• Uriah Forrest House, 3350 M Street, NW. Jefferson had dinner at this house in 1790, on his way to see the Little Falls of the Potomac River.[15] This house now serves as the Ukrainian Embassy.[16]
  • Notley Young House, on G Street between 9th and 10th, SW. Jefferson was here in 1790;[17] the house was demolished in 1856.
  • Quality Hill (Worthington House), 3425 Prospect Street, NW. We do not know whether Jefferson ever visited this house, but he did know John Thomson Mason, its owner until 1807.[18] The house still stands, but is privately owned.
  • First Baptist Church, 19th and I Streets, NW, Alexandria. Jefferson probably never visited this church, but he did contribute $50 toward it.[19] The congregation has moved several times since Jefferson's time, and is now located on King Street.[20]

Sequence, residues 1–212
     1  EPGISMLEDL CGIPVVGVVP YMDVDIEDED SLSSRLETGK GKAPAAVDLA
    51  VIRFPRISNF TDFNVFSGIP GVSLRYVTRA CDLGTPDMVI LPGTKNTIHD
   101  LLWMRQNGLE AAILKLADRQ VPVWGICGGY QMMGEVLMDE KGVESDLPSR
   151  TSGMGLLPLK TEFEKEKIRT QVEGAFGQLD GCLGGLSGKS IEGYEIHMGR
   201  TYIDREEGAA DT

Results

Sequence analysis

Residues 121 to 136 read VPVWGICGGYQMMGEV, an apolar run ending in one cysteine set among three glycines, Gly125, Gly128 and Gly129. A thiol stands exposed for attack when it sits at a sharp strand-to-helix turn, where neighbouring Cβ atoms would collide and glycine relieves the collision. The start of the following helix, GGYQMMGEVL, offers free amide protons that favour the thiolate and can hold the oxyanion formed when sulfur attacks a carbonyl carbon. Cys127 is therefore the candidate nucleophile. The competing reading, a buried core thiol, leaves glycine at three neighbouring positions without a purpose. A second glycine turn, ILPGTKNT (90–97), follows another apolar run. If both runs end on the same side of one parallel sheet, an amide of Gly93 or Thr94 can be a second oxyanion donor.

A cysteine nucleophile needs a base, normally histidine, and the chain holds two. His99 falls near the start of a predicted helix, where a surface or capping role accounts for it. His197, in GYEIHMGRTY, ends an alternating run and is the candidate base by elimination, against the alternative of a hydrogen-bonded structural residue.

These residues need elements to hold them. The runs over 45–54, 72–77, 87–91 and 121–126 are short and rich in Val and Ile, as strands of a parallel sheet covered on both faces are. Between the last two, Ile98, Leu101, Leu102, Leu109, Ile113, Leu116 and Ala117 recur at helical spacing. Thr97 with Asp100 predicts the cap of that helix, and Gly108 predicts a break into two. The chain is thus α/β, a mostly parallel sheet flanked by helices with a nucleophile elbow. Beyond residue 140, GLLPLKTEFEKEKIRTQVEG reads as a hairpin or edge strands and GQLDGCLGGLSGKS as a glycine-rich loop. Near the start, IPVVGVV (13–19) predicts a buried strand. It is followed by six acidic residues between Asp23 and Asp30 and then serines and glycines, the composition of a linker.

• Washington Theater, 11th and C Streets, NW. Jefferson attended plays here.[21] Burned in 1821.
  • Suter's Tavern, Wisconsin Street between M and Water Street. Jefferson often stayed here on his way to and from Philadelphia.[22] The proprietor moved to the Union Tavern in 1799. The original building housing Suter's Tavern no longer stands.
  • Fountain Tavern, Royal Street, Alexandria. Jefferson often stayed here: the tavern hosted a public dinner in Jefferson's honor on March 11, 1790.[23] The building no longer exists.
  • David Shoemaker's house on F Street. Site of Jefferson's sitting for his portrait by Saint-Mémin.[24]
  • Long's Hotel, site of the inaugural ball given for James Madison, which Jefferson attended.[25] The building no longer exists.